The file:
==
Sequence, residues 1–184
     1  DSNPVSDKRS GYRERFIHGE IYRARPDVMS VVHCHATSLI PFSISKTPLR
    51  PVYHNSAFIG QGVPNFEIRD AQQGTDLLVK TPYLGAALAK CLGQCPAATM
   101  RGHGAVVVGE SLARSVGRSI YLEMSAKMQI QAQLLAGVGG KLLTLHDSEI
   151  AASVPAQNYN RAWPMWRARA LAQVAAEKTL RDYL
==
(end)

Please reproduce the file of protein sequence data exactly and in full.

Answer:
Sequence, residues 1–184
     1  DSNPVSDKRS GYRERFIHGE IYRARPDVMS VVHCHATSLI PFSISKTPLR
    51  PVYHNSAFIG QGVPNFEIRD AQQGTDLLVK TPYLGAALAK CLGQCPAATM
   101  RGHGAVVVGE SLARSVGRSI YLEMSAKMQI QAQLLAGVGG KLLTLHDSEI
   151  AASVPAQNYN RAWPMWRARA LAQVAAEKTL RDYL